Recently, an act was passed known as the Telephone Consumer Protection Act. This Act requires accounts receivable collection agencies to obtain and document contact consent, meaning, in other words, permission for them to contact consumers in an effort to collect on their debts. These same agencies also must document any revocations of consent when consumers ask to no longer be contacted and, of course, abide by these requests.
Because of the laws in place, it is important for every collection agency to have clear policies and procedures on how it will document both consent and implied consent, as well as clearly worded contracts and other documents that protect them and prove that they had the right to make contact.
The same holds true when it comes to revocation of consent. In fact, debt collectors need to be even more careful when they receive revocation of consent since violating a request not to contact a debtor can lead to serious legal ramifications. Debt collectors must have a reliable system in place that allows them to track revocation of consent and, ideally, will alert them and employees anytime they accidentally attempt to contact a person who has revoked the right to contact them.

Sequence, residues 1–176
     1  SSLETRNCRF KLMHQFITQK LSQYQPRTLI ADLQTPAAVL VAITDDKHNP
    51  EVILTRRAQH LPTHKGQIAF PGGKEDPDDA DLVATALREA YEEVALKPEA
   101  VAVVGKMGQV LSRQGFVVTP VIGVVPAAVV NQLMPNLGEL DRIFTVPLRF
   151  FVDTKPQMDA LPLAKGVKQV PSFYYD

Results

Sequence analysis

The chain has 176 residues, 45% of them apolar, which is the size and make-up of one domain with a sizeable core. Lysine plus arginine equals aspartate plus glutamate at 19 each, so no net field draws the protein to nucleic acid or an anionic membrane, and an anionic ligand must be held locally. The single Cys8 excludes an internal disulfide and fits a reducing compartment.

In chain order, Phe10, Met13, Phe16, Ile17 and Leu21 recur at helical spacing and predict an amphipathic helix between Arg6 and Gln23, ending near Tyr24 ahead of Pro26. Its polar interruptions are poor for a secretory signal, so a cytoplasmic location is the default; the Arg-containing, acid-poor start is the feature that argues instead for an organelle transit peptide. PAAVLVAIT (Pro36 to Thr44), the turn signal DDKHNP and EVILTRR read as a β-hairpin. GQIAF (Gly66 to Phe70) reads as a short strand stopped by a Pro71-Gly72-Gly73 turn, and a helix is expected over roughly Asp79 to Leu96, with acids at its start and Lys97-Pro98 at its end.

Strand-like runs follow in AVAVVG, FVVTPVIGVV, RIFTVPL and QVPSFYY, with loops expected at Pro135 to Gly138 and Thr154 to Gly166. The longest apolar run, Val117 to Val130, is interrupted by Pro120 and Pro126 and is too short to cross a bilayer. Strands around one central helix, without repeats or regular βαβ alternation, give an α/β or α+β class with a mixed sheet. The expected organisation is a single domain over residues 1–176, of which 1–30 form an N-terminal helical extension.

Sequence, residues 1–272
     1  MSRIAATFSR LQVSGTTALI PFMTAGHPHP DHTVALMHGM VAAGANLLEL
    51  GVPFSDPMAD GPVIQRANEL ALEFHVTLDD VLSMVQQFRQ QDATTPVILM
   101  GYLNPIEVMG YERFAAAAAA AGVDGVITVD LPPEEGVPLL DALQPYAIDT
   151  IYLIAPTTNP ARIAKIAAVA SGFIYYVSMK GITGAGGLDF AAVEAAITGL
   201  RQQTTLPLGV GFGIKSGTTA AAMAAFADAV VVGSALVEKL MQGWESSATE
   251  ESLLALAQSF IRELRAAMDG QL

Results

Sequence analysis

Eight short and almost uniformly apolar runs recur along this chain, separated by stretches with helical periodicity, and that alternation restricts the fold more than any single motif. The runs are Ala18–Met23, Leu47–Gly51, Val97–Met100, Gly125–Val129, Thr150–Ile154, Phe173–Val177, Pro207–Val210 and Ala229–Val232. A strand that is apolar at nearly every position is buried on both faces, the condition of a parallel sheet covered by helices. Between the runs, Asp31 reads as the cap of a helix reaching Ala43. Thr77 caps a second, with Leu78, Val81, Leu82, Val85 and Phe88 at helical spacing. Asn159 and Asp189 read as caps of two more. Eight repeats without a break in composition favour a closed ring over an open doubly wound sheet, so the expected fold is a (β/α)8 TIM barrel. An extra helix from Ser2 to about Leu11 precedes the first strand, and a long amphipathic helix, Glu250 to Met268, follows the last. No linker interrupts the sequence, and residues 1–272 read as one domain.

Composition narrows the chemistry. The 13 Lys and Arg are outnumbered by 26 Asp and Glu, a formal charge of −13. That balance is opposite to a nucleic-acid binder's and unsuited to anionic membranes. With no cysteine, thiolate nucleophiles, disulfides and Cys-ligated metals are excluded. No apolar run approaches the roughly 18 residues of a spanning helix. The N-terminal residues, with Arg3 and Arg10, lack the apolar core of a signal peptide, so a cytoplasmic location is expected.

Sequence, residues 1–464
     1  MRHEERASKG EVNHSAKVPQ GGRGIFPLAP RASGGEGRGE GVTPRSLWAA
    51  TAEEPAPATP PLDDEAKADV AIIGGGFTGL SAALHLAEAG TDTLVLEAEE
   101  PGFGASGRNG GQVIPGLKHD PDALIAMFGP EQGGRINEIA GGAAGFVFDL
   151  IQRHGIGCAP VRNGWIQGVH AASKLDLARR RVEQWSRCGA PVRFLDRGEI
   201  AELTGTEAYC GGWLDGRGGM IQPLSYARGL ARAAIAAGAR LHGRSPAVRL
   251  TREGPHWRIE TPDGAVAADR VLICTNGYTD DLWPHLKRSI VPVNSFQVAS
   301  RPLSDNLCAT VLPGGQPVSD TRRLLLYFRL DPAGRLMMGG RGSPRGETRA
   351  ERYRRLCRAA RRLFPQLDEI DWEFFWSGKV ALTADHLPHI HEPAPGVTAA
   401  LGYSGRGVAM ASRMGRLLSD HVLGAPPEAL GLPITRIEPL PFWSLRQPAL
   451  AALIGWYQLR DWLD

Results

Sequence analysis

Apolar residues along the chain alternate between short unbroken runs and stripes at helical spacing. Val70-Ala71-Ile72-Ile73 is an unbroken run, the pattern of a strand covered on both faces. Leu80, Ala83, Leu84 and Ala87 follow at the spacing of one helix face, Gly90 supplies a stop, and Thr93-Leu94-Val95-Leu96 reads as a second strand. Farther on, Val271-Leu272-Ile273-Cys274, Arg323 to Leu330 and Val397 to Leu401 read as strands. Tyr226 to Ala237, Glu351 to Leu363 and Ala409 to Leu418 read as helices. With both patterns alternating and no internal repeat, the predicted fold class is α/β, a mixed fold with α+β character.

While debt collection agencies have a lot to keep track of, tracking consent and revocation consent is a necessary addition to the already long-list of tracking responsibilities. It may not be fun, but it is required, so debt collectors are encouraged to closely examine their current tracking systems to make sure they are as efficient and effective as they should be and to make changes as necessary, or, if they don’t currently have a tracking system in place, to create one right away!